Office politics is often about who you know, not what you know. To successfully navigate office politics, you need to build your network. This can be done through developing your people skills and personal branding. Personal branding is how you present yourself to the world. It’s the image of yourself that you project to your colleagues that makes you stand out from the crowd.
Take the time to work on your people skills by practicing active listening, handling your emotions at work, and building rapport with your workmates. Authentic praise, a positive attitude, and being empathetic will usually make you a firm favorite amongst your colleagues. Avoid talking over your colleagues, oversharing, or withholding recognition, this can damage your personal brand.
The more you solidify your reputation as a great professional who promotes a positive culture, the more likely you are to rise above petty workplace squabbles and achieve your goals.
4. Learn the Unwritten Rules
Lensa recommends observing the company rules –paying special attention to the unwritten ones– if you want to succeed at office politics. For example, if the official clock out time is 6pm but nobody leaves until 7.30pm, then this could be an unwritten rule.
While these rules aren’t official and may seem a bit ridiculous, it’s important to be aware of them. If you want to get ahead in your company, not only will you need to learn these unwritten rules, but you’ll need to follow them too. Pay special attention to the hours your colleagues are clocking, how much time they spend away from their desks, and how they communicate with each other (during meetings and informally), then follow suit.
5. Don’t Get Sucked In
If you find yourself on the receiving end of office politics, don’t engage. Letting yourself get sucked into the negative atmosphere will just make things worse. Try to remove your emotions and remember that this is not personal (even if it feels like it is), but rather the result of a toxic culture. If conflict arises, remain calm and focus on specific behaviors rather than personal comments about your colleague.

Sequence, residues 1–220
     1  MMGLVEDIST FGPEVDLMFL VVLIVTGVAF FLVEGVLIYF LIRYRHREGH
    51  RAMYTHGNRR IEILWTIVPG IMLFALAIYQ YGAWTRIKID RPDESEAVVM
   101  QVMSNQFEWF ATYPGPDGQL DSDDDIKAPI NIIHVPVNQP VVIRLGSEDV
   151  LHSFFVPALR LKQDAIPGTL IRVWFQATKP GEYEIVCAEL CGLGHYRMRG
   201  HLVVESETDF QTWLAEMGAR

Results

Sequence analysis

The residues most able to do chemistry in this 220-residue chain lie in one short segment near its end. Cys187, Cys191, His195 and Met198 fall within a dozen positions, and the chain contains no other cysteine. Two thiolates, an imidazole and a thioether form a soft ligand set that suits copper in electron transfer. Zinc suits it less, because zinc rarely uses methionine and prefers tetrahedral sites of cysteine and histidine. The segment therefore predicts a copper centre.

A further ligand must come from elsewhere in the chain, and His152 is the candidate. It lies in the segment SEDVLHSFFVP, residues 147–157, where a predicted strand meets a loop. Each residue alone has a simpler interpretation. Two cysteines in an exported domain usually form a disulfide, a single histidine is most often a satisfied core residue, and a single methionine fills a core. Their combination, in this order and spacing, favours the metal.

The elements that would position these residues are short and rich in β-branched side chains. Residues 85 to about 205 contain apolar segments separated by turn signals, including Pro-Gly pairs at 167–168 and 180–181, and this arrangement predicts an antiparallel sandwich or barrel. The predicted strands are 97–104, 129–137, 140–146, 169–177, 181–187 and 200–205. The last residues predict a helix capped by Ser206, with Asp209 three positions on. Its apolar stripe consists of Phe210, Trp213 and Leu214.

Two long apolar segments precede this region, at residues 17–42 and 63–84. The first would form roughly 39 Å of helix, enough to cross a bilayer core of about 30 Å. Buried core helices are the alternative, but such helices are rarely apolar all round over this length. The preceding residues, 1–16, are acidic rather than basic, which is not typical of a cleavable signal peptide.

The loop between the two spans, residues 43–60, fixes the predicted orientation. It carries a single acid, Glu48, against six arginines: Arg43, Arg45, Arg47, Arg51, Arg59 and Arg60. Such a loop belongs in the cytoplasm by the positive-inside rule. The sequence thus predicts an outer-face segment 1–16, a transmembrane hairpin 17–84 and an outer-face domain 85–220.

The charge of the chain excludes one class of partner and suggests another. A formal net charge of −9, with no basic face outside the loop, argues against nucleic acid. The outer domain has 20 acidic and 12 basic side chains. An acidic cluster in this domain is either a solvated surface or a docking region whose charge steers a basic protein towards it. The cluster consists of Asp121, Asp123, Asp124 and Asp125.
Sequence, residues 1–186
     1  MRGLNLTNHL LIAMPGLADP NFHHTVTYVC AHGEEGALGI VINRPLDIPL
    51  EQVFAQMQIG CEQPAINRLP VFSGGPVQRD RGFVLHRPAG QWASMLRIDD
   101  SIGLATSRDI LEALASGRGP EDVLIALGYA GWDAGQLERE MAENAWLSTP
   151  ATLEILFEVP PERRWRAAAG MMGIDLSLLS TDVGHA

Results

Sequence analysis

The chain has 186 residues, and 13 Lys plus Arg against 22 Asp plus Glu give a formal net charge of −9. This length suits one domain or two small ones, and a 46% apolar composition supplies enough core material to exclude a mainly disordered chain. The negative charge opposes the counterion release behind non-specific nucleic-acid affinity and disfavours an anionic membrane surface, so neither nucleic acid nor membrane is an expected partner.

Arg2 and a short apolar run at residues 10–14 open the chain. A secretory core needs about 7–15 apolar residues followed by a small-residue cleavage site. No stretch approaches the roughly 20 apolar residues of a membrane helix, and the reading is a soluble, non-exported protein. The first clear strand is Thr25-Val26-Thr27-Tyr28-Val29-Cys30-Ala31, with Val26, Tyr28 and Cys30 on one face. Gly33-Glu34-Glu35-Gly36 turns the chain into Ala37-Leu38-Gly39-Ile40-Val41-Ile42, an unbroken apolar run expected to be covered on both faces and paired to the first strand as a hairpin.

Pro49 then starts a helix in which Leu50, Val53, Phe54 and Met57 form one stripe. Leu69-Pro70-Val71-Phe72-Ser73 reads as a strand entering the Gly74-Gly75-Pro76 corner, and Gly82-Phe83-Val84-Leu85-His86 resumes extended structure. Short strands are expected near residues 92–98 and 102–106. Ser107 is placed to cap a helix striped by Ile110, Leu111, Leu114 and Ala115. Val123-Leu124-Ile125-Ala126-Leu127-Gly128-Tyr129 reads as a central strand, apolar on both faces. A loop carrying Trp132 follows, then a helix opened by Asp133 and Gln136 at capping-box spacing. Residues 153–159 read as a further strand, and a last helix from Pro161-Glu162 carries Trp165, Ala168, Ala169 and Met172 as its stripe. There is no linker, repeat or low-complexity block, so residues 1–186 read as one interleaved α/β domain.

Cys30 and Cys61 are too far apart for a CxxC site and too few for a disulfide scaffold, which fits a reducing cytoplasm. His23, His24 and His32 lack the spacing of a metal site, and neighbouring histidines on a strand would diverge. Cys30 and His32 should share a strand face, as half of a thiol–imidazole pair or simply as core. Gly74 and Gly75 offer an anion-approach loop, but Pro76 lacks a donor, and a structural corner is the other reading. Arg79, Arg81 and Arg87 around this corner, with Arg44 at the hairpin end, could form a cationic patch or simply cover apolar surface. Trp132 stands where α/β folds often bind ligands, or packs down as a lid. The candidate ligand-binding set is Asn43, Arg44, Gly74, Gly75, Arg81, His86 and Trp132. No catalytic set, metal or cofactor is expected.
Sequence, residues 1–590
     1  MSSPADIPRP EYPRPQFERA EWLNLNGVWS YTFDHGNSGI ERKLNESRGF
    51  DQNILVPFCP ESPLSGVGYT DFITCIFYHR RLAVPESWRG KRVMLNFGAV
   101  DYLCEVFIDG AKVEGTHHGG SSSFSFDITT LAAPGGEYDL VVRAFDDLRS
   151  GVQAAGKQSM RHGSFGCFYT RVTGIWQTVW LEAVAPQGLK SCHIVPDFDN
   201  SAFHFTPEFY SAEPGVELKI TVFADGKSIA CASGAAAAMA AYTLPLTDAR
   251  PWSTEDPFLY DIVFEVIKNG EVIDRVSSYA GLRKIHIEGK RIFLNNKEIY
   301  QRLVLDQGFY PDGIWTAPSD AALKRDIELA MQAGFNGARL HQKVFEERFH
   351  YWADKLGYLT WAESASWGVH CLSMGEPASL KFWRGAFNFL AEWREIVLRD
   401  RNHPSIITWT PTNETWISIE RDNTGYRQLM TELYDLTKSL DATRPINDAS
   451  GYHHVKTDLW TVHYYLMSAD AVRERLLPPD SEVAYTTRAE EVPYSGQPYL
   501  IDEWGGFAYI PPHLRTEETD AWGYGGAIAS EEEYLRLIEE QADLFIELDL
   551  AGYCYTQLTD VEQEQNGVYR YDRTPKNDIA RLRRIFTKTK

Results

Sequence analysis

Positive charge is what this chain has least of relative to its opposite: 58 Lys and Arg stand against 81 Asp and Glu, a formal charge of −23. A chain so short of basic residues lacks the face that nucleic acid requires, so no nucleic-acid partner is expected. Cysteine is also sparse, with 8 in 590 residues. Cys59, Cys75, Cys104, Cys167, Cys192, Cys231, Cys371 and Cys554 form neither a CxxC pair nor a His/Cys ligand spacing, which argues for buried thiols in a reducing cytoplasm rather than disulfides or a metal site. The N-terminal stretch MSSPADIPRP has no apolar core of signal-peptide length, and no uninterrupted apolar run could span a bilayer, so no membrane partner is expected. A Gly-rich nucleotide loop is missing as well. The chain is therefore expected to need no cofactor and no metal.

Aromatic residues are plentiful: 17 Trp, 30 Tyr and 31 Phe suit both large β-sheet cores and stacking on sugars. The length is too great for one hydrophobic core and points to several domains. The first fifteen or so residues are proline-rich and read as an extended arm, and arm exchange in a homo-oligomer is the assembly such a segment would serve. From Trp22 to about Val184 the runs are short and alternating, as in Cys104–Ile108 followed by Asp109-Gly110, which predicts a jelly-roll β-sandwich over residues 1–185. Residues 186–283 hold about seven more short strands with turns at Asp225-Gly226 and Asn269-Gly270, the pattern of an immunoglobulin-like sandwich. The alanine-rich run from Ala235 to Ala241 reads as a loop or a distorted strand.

Use “I feel…” rather than accusatory language so that the other person doesn’t feel attacked and stop listening. There is no such thing as “winning” an office conflict, both of you will damage your reputation and create an uncomfortable working environment going forward.
Remove your ego from the situation, find a way to resolve the situation calmly, but never shy away from speaking up when something has bothered you. It’s always best to communicate what has displeased you and find a solution rather than letting it fester.
6. Analyze The Culture
If you’re feeling frustrated or confused with certain behaviors or attitudes, take a close look at the company culture. For example, if you like to have a voice and participate in meetings but the culture is very hierarchical, the odds are you’re going to feel frustrated a lot of the time. In a hierarchical culture your manager will speak for you and recognition and other opportunities will be awarded based more on the organizational chart than on merit.
Equally, if the culture is biased towards certain personality types, genders, or age groups, it will help you understand why things operate the way that they do. Your company’s culture needs to be aligned with your values and way of working, if not you will struggle to navigate workplace politics.
Office politics can be stressful and distracting, but don’t let it get in the way of your career. Get to know who your colleagues are, what motivates them, and how they operate; when you understand them better you will be more equipped to deal with their behaviors. It’s also important to work on your own self awareness to identify your own behaviors and take steps to develop your empathy, people skills, and communication skills.
By learning how to build strong, healthy working relationships with your colleagues, improve your personal branding skills, set clear boundaries, and how to deal with uncomfortable office situations in a professional and empathetic way, you’ll help to create a much healthier corporate culture and a more aligned, successful team.